Tuesday, March 19, 2013

The Five Formal Elements of Film: How to Critically Evaluate Movies

Everyone has strong opinions about the media they consume. Movies especially are often the target of adoration or scathing sentiment in word of mouth reviews around the water cooler. But how do we academically assess a film?

When critically evaluating a movie, it is important to consider more than just if you “liked” or “hated” it – that is, whether it was to your taste or not. Instead, there are technical, universal elements of film that every movie can be judged by. These are known in the Film Studies world as the Five Formal Elements of Film.

The five elements are narrative, cinematography, sound, mise-en-scene, and editing. These elements compose every scene in a movie and together constitute the essence of film. We will cover each element only very briefly, but in reality, entire fields of study are dedicated to each.

Narrative is simply the ancient art form of storytelling. What a movie is about – its story, characters, and world – forms its narrative. The narrative is present as soon as a script is finished and before the production of the movie even begins. For example, literature is pure, unfiltered narrative.

For most casual moviegoers a film succeeds or fails by its narrative. Whether someone likes the story and can connect with the characters is the basis for their appreciation of the film. This isn’t really fair, as judgment of narrative is more often than not purely subjective. While there are standards of narrative and a certain professional expectation, a lot of the time assessments of narrative amounts simply to individual opinion.

Cinematography is defined as “writing in movement” and depends largely on photography. The art of cinematography is concerned just as much with how something is being filmed as it is with what is being filmed. Cinematography is not a rudimentary and arbitrary process of filming the actors. The cinematographer, or director of photography, adds to and enhances the narrative through control of the camera.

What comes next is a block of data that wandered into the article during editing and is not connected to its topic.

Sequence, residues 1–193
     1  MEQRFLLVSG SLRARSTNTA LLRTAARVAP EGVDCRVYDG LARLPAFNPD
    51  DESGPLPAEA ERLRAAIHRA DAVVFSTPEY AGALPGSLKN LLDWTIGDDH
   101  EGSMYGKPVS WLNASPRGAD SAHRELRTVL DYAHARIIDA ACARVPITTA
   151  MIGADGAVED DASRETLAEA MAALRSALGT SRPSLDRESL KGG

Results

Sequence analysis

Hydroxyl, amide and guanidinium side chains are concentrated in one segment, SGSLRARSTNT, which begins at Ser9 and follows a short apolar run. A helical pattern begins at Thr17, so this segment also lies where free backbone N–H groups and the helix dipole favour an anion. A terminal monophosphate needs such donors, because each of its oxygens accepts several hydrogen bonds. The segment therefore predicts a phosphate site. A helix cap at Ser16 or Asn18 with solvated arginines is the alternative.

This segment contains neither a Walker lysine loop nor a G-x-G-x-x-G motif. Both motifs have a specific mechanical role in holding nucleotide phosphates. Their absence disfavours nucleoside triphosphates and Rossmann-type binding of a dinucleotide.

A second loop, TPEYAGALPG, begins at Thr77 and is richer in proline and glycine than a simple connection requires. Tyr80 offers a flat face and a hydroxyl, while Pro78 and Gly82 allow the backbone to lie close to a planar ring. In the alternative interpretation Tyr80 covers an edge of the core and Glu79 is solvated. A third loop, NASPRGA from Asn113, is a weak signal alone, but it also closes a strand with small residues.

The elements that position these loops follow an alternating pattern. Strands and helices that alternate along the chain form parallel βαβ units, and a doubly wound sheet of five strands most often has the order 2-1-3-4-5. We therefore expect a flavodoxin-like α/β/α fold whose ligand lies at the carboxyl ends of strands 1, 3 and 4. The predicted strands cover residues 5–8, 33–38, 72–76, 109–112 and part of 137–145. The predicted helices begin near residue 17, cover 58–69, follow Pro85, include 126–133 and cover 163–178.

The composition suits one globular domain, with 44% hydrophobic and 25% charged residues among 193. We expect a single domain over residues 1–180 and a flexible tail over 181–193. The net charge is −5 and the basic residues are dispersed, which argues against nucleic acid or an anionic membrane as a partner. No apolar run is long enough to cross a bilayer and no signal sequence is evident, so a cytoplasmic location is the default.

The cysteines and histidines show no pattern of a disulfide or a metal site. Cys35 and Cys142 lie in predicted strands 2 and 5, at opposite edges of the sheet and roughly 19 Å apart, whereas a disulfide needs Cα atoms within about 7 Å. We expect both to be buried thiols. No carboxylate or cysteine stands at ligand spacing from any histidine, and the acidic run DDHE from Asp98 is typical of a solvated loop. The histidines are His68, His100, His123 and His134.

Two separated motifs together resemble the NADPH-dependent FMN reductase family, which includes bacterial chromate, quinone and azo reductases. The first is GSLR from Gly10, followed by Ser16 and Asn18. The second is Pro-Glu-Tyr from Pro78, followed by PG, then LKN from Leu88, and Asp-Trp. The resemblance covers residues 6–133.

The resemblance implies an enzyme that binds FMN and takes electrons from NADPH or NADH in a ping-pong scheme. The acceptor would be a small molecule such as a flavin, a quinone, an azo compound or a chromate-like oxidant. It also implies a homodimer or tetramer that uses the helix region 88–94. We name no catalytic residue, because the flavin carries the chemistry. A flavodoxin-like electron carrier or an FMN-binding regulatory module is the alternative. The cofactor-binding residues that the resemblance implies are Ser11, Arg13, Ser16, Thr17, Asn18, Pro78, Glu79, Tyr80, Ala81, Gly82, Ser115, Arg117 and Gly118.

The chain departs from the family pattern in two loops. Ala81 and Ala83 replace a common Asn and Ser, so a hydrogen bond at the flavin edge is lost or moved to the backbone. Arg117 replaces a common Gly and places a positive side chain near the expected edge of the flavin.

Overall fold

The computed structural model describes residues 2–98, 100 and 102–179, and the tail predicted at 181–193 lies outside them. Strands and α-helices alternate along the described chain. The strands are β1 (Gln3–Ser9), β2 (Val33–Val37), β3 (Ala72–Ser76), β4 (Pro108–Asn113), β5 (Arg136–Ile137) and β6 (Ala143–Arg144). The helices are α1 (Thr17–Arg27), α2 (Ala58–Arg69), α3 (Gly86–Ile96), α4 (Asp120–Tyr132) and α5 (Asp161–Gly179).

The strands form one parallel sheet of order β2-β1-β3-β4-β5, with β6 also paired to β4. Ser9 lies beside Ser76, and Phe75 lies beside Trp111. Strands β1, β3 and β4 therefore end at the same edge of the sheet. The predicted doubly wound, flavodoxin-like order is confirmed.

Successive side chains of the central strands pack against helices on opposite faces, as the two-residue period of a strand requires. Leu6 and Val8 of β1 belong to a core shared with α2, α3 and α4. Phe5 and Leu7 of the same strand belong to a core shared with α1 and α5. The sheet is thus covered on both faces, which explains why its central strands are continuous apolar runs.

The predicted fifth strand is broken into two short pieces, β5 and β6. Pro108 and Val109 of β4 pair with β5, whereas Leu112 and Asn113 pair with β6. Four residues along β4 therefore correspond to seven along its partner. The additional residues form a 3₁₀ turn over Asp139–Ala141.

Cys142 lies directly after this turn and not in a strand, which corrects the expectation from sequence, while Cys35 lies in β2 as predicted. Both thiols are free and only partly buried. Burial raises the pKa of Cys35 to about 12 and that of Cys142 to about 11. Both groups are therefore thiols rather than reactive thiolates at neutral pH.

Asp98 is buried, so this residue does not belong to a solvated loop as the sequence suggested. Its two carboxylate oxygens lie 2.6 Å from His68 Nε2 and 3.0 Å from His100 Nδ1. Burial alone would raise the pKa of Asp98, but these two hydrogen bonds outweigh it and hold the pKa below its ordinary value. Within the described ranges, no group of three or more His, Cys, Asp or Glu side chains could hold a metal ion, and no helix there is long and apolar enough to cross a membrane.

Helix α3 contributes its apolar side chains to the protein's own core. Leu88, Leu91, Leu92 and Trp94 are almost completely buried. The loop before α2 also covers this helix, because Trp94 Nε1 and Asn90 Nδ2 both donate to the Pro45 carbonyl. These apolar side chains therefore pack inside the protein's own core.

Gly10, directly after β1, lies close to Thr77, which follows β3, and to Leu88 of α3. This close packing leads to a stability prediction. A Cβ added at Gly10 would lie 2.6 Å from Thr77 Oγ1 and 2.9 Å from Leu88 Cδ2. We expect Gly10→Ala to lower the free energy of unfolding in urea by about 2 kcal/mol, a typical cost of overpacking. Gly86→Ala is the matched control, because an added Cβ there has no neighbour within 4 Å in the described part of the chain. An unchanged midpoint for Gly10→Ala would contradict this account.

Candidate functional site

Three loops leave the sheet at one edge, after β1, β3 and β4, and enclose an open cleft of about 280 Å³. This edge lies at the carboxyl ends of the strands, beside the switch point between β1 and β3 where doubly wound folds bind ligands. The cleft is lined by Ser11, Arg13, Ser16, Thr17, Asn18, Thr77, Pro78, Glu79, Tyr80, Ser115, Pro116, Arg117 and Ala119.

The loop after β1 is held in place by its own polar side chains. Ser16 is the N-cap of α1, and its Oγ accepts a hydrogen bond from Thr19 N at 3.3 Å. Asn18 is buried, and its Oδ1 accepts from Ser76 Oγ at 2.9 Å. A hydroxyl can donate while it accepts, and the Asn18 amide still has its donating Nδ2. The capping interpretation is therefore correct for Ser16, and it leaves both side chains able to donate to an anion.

The way in which a shot is framed, lit, toned, and colored is a story of its own just as it is in photography. Moreover, in cinema there is a pictorial consideration that does not exist in still photography: movement. Unlike in photography or painting, in cinematography the framing of an image can move. Where as in photography there is only one frame of a single second frozen in time, in cinematography there are twenty-four frames for every second on screen. A scene will often stretch on for minutes, which allows the camera to shape our perspective of what we are seeing through pans, tilts, and angles. Sometimes just the movement itself, or tracking of an image, can tell a story.

Mise-en-scene is everything that appears in a frame. Sets, locations, actors, props, costumes, light, and shadow are all part of mise-en-scene. Mise-en-scene can be realistic or abstract, purely background or an interpretive active element. Mise-en-scene is contributed to by a variety of talents on the film crew – production designers, make up artists, set builders, cinematographers, actors – everything on screen in a film has been deliberately included at an artist’s direction and for a purpose.